At the beginning of the New Year we all make a resolution to start working out and/or eat healthier. But let’s face it- who likes to work out during the cold winter months? Before you know it our resolution becomes an impossible task. That’s the great thing about Spring- we all get a start over and an ability to design a realistic health program. A fitness program is great for anyone and all body types but especially for those with HIV. I make this testimony as I feel my health routine over the last ten years has contributed to my continued well-being despite my status.

There’s been studies which shows that there’s a relationship between a healthy lifestyle and an increase in one t-cell numbers. Also working out has benefited my overall well-being, and for many who participate in a health program, it has helped keep depression and anxiety in control.

And not to mention the added benefits one with HIV can receive such as:

         The prevention of muscle loss and strength often seen in those with HIV

          Lower levels of blood fats and sugars which can raised by HIV medications

         Higher levels of HDL cholesterol (the good stuff) and lower levels of LDL cholesterol- the bad kind which has been connected to faster HIV progression.

So as we spring forward I offer my seven ways to have a healthy season.

1.       Do it for you- The worst mistake one can make in starting a fitness regime is to do it for the benefit of someone else. We all want to look attractive to others but when you step into the gym or start exercising, how someone sees you that shouldn’t be your marker of being fit. The person we should make happy when looking in the mirror is ourselves. Keeping that in mind you’ll find yourself more motivated and determined to get the results you want.

 Start at your own pace- Whether it’s jogging or lifting weights, don’t compare yourself to others. If you see someone jogging without breaking a sweat or lifting a huge amount of weight-just know they were once like you, starting from the beginning. The worst thing you could do is to try to keep up with someone who has been doing a routine for months. You not only risk hurting yourself but you also may get frustrated and give up.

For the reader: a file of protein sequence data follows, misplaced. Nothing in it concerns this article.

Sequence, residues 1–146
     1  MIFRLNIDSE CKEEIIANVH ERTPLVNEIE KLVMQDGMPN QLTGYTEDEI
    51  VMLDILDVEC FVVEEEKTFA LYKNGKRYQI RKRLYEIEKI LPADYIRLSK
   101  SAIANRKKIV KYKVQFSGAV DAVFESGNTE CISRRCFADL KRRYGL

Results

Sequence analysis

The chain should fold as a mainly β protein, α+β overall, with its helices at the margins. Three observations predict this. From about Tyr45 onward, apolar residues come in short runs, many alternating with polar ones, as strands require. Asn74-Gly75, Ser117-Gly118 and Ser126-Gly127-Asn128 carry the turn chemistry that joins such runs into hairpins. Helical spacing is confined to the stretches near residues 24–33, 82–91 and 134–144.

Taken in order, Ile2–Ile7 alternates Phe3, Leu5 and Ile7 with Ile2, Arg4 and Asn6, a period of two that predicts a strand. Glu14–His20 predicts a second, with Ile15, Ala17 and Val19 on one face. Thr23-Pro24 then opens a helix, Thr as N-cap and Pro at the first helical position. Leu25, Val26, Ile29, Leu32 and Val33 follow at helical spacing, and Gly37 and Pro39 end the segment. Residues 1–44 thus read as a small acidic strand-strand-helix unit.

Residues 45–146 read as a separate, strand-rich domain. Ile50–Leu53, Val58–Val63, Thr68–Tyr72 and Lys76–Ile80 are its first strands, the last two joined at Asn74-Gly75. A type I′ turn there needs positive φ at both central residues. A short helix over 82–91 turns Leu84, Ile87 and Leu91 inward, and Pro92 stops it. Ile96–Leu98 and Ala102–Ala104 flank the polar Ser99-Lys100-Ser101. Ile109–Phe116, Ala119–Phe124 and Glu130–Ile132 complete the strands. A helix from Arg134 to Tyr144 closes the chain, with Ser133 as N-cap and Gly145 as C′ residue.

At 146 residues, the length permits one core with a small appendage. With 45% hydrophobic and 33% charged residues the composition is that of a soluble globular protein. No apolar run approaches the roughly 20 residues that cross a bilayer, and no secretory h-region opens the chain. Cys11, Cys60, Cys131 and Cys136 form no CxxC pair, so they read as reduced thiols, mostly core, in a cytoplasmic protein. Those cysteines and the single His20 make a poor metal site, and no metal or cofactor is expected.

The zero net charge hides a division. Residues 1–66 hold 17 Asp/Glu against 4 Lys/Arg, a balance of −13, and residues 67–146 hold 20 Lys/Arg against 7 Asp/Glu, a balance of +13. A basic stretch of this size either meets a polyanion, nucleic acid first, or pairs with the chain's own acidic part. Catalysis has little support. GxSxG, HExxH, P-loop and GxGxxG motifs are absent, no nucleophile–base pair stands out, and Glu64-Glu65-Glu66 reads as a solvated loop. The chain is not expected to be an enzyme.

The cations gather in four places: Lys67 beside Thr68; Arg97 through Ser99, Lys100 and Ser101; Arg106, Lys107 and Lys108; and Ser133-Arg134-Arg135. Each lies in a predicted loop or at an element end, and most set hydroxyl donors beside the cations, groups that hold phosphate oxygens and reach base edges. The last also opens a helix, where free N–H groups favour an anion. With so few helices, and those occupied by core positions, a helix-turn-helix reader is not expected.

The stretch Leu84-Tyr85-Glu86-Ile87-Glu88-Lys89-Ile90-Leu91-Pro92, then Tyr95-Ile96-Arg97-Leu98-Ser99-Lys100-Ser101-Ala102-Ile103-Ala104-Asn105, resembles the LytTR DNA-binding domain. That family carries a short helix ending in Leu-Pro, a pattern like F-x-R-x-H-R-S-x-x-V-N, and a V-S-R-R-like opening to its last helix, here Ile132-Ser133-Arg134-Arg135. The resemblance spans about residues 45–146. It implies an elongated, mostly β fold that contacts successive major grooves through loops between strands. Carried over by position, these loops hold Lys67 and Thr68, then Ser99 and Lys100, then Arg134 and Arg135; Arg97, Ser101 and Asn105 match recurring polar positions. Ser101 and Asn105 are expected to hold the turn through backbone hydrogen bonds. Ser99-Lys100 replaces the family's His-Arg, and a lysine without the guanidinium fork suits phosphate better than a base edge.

Check with your doctor before beginning- This may seem like an obsolete suggestion but for those who are HIV it may have an added benefit. One reason is that there may be a medical reason you don’t feel motivated to work out. You may find yourself always without energy and don’t know why. It has been shown that those with HIV may experience low levels of testosterone based on many factors. For many that’s the fuel to provide the boost you need to even do the simple day to day activities. Because we often don’t know our levels are low it’s best to check In with your doctor and they may start you on a testosterone treatment program.

Control the vices- In our busy lives we sometimes wish we had to time to have a proper meal, but the reality for some is that fast food is usually the only option. Yet making fast food your go to is not good for you or your body. In addition other vices like smoking and drinking can make a health regimen redundant. Look at ways to reduce eating junk food by always having healthy options around. Also seek support from others if you’re trying to stop smoking or excessively drink. Remember your body is your temple so if you want it to be nice to you- you have to be nice to it.

Keep a diary- We sometimes don’t give ourselves enough credit for our successes, even the small ones. A diary is an excellent roadmap of where one used to be and where they’re at now. There are so many online options which make it easy to collect your results and place them in a place where you can review them. Also many are now creating a picture diary which allows them to visually see the results their making.


6.      Stay off the scale- If you want to really get frustrated and derail your efforts, step on a scale. A scale doesn’t accurately inform you of the progress you’re making. People who work out can’t understand why it looks like they’re gaining weight. The truth of the matter is you’re not. As you lose fat mass you’re gaining muscle mass which is good. So when you step on the scale it’s reflecting the muscle which you’re developing. Understanding this you’ll see that a daily scale check is often misleading and not an accurate barometer of your real results


7.       Find what works for you- For some going to the local gym is a preferred way to stay in shape. For others it may be jogging through the local park. Other non-traditional programs such as yoga are considered a good way to workout. No matter what you do, do something and you’ll not only feel good but feel good about yourself. And most importantly you can start today as it takes one step at a time to be the best health you want to be.

 So as the warms sunny days of summer slowly approach, start making today your day to spring forward into a healthy life!